Taxpayers in an eastern Pennsylvania community are out nearly $400,000 after the school district lost a four-year legal battle over breast cancer awareness bracelets officials deemed offensive.
The Easton Area School District was assessed the full legal bill for the state chapter of the American Civil Liberties Union’s First Amendment battle, waged on behalf of students who got in trouble for wearing wristbands inscribed with “I (heart) boobies.”
"I am happy we won this case because it's important that students have the right to stand up for a cause and try to make a difference," Brianna Hawk, one of the plaintiffs in the case, said in a statement released by the ACLU. "We just wanted to raise awareness about breast cancer."
Brianna, who was 12 at the time, and Kayla Martinez, who was 13, were in middle school when they challenged their school’s ban on the bracelets in October, 2010. With the ACLU representing them, the girls claimed their First Amendment rights to free speech and sued the district in federal court in Philadelphia.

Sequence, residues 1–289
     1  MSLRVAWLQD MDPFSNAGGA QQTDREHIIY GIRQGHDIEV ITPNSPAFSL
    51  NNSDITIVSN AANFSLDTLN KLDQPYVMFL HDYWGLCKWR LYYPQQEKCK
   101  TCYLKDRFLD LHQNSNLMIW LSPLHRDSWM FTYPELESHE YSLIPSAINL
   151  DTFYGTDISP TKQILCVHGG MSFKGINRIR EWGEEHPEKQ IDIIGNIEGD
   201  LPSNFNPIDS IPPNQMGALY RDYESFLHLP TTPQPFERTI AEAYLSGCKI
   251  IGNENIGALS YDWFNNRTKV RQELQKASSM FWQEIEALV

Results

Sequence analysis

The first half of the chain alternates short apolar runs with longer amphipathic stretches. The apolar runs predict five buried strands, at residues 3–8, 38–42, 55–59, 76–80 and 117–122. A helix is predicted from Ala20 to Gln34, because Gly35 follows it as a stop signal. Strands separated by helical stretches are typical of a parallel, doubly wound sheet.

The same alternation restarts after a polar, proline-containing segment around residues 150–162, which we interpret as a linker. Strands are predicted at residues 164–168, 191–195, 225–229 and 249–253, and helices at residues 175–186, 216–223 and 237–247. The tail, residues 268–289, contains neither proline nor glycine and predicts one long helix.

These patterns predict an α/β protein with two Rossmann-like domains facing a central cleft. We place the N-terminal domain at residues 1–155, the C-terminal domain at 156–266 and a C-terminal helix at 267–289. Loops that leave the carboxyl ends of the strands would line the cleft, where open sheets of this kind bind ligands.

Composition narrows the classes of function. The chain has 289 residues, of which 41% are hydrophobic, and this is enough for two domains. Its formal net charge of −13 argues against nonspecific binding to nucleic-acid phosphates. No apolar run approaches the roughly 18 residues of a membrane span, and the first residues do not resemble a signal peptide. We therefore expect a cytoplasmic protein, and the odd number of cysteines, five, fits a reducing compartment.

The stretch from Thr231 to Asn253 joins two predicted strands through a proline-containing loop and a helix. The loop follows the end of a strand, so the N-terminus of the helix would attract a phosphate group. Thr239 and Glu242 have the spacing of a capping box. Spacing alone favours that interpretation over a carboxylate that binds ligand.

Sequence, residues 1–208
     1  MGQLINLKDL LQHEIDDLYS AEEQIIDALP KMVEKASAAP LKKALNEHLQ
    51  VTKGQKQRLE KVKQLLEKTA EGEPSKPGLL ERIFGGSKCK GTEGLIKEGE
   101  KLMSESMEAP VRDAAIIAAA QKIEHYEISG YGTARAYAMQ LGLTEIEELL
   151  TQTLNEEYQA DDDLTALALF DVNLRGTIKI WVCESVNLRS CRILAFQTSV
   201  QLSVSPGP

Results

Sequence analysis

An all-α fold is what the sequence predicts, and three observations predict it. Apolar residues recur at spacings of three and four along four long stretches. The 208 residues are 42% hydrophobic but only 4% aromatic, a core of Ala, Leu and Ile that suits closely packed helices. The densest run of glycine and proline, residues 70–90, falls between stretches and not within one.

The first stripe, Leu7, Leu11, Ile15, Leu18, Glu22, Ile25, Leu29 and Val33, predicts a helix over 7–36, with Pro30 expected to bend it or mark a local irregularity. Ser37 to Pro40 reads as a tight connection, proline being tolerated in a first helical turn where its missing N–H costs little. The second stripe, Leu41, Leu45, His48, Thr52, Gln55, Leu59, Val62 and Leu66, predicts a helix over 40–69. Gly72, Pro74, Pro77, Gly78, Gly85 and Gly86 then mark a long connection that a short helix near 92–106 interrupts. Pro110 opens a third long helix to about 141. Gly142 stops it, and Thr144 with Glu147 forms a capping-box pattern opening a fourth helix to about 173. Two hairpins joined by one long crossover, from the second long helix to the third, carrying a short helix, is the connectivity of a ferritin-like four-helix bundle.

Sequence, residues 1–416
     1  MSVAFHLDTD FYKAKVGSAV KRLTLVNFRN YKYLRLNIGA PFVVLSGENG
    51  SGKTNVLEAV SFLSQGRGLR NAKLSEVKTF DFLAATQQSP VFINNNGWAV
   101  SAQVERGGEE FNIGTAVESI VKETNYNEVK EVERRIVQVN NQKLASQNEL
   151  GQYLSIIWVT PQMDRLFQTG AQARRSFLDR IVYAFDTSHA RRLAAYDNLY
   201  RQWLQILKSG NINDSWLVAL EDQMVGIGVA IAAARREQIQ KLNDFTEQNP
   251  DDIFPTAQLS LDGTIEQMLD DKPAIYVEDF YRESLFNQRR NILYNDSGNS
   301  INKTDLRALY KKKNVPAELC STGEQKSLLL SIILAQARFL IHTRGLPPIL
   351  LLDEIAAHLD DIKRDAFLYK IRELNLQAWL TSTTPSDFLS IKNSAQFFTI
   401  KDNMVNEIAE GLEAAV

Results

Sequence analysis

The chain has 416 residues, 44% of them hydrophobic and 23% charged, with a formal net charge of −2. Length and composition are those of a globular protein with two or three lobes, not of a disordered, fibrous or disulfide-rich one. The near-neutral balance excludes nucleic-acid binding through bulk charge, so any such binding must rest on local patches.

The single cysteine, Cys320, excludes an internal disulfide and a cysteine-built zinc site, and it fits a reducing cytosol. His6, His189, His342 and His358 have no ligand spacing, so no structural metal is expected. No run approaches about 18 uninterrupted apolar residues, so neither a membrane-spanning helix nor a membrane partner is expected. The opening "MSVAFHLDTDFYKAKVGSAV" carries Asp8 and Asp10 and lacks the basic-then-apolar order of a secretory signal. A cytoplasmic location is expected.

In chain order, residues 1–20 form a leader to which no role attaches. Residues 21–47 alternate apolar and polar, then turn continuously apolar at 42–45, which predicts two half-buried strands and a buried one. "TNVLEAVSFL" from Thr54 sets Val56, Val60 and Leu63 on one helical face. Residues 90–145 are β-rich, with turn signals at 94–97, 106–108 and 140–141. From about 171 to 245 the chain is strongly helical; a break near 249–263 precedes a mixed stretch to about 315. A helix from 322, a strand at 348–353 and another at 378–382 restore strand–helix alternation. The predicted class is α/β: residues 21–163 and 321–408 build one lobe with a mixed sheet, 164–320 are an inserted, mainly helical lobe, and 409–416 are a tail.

U.S. District Judge Mary A. McLaughlin ruled in their favor, but the school district appealed, calling the bracelets' messages “vulgar” and subject to regulation. The Third Circuit Court of Appeals found in a 9-5 opinion that the breast cancer awareness message was protected by the First Amendment, notwithstanding its potential to offend, because it is a social or political statement.
The U.S. Supreme Court declined to hear an appeal sought by the district, leaving in place the lower court's August decision.
The girls did not seek damages and the $385,000 settlement was negotiated to cover the ACLU’s legal fees and court costs. Under the federal Civil Rights Act, anyone who wins a lawsuit challenging a violation of a civil right such as freedom of expression can seek attorney fees and court costs.
Easton was one of several school districts around the country to ban the bracelets, which are distributed by the nonprofit Keep A Breast Foundation, of Carlsbad, Calif.
A security guard saw the girls wearing the bracelets on Breast Cancer Awareness day in 2010 and asked them to remove them, according to the Express-Times of Lehigh Valley. The girls refused, and were suspended for “disrespect, defiance and disruption” and barred from a school dance.
FoxNews.com's Kristen Sullivan contributed to this report